Olafs Kludzins

15 march 2014

Probably a lot of people have already noticed that “KALEVALA” broadens its geography in regards to the participants and the staff of the race. So is the Assistant of Race Marshall Olafs Kludzins, who came to Russia from Latvia. And as he speaks Russian really well, by no means we could have let go the opportunity to talk to him and ask him all our questions.

- Olafs, how did it happen that you became an Assistant of Race Marshall on the race “KALEVALA”?

- KALEVALA team called me and offered to take part in it. The format of the race with autonomic stages got me interested. I didn’t deliberate and just said: why not?

- Have you ever been to Russia before? And what impressions do you have about the township Kalevala?

- Yes, I’ve already been to Russia, but it’s my first time in Kalevala. When I was going here I’ve already been acquainted with your country, that’s why the township wasn’t something new to me. Yes, it is situated a little far from civilization but in Europe such things happen too, for instance, in Norway. Overall, I like it here. If not for the roads, I’d be happy to come here and make a stay.

- Have you tried yourself in the sleddog sport?

- Yes, I have. I have a dog and I did skijoring with it and in summer, when there is no snow, I did bikejoring. But it wasn’t because of the love to the sport. My wife wanted to have a dog and we took Siberian Husky, which needs a lot of training.

- And how did you become a judge?

- There is a stereotype that those who can’t get high results in sport become judges. I think it is so. I wasn’t claiming to the high results, but sometimes I had them.

- How did your organizer’s career started?

- Coincidentally, in the time when my wife and I took the dog and started thinking what to do with it, the sleddog sport started developing in Latvia. We found like-minded people, trails and disciplines that we wanted to try ourselves in. The first races we held ourselves and of course we had to both organize and judge them. At that time we learned on our mistakes and gained a lot of experience in everything. Later we created The Sled dog Sport Club and after that The Federation of Sled dog Sport.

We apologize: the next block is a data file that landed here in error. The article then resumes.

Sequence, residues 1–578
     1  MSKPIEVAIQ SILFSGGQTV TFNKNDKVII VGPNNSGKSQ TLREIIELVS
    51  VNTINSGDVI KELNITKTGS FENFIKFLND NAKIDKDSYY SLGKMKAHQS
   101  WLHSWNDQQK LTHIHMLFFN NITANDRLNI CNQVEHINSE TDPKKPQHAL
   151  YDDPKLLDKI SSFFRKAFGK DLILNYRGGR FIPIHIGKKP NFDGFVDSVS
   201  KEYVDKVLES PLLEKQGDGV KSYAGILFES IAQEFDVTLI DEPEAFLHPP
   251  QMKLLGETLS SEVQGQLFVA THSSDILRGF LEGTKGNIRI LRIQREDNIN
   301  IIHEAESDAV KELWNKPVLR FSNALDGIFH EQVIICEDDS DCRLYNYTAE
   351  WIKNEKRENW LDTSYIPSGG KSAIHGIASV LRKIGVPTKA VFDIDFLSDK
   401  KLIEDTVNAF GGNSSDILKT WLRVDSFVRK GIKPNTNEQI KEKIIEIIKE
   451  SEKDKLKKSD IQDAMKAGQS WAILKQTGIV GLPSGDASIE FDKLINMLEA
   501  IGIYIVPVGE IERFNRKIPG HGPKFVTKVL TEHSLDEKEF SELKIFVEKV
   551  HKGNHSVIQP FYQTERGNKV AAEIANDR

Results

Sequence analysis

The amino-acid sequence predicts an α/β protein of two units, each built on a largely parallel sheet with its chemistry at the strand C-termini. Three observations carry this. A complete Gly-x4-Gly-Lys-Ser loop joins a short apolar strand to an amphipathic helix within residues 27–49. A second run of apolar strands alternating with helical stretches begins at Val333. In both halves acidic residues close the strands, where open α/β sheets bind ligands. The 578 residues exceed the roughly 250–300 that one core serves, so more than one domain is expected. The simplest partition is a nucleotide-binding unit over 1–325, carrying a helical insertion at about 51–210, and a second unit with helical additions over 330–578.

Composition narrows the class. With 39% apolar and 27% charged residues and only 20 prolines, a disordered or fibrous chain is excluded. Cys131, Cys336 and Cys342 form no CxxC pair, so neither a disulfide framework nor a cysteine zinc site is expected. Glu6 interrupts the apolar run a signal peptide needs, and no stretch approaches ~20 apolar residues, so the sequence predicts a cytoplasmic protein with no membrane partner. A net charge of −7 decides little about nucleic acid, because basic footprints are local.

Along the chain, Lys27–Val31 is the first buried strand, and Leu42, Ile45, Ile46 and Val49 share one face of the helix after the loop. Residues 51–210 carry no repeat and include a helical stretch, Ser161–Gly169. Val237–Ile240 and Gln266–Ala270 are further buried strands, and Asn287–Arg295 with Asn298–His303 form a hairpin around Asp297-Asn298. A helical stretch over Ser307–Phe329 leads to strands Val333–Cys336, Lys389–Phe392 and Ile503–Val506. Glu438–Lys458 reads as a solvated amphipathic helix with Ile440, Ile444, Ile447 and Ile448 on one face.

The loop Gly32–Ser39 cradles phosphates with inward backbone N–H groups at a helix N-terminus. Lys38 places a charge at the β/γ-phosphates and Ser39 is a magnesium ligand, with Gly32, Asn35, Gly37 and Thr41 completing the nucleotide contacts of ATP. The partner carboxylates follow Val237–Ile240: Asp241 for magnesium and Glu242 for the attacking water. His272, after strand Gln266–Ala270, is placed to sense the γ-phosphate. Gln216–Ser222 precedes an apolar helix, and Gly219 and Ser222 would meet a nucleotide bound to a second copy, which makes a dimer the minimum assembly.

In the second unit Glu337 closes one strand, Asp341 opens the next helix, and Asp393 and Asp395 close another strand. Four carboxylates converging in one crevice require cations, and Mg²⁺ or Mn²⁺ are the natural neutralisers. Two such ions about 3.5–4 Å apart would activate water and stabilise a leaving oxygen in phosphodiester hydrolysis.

- What gives you the most joy: taking part in races as a sportsman or as a judge?

- As it happens, I like the organizing part more. I feel myself more comfortable in it, but I still have plans to train with my dog.

- How close is your cooperation with the participants of the race?

- It is quite close. The judge’s mission is not to disqualify, be harsh and bad. It is enough to look after everyone, to have an order. So the judge must help and explain. But there must be some distance, I think.

- Are you an unprejudiced judge or you have favourites among the participants?

- Yes, I have, but that has no affect on the results. I respect people that work hard, whose dogs are listening to them. It is a huge work. I also like positive people, for example, Aleksei Kovalev. He always smiles whether he is at the beginning or at the end of the race.

- Do the races in Russia differ from those held in Europe?

- All races are different and each one opens something new. There is more competition in Russia. Every race has it, but just among Russian sportsman you do feel this competitive spirit. As the Race Marshall says: “A man is very nice, but when he puts on the participant’s number he changes instantly”.

Olafs, thank you for the nice talk. We hope that the good memories of the race “KALEVALA” will be with you for a long time.